Kerry O’Neil: Look at the analogy of free TV and cable. When free TV’s market share started to erode people jumped on the bandwagon yelling it was going away. People said they wanted niche programs that were more meaningful to them in a personal way. Today free TV has robust shows like Idol and Glee. But you can also launch John Stewart on the Comedy Channel without ever going to Free TV. He becomes a star and gets invited to do guest appearances on network TV. What I hope to see is a strengthening of the traditional labels coupled with a broadening of the base of niche label “channels.” Look at the generational change about how people are finding music. It is not driven solely by radio and retail, but also by the web, social media and whatever comes next. So if you are an 18-year-old entrepreneur with excellent taste in music, you probably aren’t going to raise money to go to radio and/or retail. You’ll play the game using the new tools. Video with a smartphone, audio with your mac, viral marketing, etc. You’ll rely on these interconnections to introduce new music. And if the music is outstanding and the video charming it will move through the system. In addition you will know where your audience is, how to reach them and where to perform live. Eventually you may bump into radio and retail, but you didn’t need their permission to play the game. On Music Row today we don’t make our money this way. But if someone already involved in the industry asks, “How do I make sure I’m viable in my entrepreneurial gambles five years from now?” I’d say analyze these cost structures. If you are relentless about finding great talent, you may find some unique opportunities to succeed without facing the same costs we are used to now.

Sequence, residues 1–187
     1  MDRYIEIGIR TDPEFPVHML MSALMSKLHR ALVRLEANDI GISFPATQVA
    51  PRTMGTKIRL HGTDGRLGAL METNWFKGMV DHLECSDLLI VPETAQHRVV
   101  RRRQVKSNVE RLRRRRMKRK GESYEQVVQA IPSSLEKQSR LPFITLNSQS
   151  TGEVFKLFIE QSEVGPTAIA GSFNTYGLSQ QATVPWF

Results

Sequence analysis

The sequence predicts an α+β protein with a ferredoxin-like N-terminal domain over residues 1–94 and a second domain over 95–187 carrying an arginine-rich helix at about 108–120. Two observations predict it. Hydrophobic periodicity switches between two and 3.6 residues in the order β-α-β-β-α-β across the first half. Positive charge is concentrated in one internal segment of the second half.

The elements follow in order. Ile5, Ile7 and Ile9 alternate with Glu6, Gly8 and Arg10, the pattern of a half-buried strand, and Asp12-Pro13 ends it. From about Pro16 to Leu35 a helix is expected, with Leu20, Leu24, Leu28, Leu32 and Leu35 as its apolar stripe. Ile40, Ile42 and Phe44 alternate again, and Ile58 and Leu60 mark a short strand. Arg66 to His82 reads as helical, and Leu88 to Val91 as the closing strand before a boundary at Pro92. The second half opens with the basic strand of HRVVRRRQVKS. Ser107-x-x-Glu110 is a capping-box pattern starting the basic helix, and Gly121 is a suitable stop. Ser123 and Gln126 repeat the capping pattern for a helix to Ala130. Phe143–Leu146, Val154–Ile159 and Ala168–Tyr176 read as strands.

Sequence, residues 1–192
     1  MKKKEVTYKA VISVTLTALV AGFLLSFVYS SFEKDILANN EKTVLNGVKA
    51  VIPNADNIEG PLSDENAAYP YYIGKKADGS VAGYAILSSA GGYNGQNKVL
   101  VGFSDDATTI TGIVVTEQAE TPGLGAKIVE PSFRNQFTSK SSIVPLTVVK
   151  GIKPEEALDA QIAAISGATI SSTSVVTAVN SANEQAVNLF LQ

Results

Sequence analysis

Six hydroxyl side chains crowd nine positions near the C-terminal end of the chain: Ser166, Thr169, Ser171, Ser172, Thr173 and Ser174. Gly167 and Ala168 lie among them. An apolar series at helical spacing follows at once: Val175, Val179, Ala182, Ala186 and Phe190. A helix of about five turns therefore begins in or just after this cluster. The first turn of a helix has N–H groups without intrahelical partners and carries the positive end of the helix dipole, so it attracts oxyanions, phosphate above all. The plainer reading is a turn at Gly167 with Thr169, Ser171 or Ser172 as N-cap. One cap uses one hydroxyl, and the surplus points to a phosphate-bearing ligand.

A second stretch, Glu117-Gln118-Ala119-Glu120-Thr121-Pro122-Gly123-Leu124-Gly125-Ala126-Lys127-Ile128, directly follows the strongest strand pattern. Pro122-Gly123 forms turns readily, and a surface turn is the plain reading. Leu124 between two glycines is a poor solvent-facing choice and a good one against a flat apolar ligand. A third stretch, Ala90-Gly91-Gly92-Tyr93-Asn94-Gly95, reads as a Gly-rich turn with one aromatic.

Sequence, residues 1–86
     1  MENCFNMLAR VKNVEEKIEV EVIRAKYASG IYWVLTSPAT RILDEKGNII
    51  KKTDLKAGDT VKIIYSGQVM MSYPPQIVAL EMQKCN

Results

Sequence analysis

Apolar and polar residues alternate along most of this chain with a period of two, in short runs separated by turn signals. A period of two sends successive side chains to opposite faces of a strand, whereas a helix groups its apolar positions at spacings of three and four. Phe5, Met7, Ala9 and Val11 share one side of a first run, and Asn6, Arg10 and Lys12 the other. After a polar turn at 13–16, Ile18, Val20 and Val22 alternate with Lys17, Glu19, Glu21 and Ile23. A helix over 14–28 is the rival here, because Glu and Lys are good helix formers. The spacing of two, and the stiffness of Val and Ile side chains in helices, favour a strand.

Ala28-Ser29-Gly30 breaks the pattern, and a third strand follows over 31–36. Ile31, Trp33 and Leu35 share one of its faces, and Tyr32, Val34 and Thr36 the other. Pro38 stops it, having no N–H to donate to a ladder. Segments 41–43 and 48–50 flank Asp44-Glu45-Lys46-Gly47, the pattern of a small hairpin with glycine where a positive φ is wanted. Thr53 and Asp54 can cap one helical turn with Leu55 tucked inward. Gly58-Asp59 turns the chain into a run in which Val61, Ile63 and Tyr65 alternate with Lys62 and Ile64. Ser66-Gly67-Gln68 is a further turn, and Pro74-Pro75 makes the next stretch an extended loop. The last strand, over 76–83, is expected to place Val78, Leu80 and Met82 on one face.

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About the Author

David M. Ross has been covering Nashville's music industry for over 25 years. [email protected]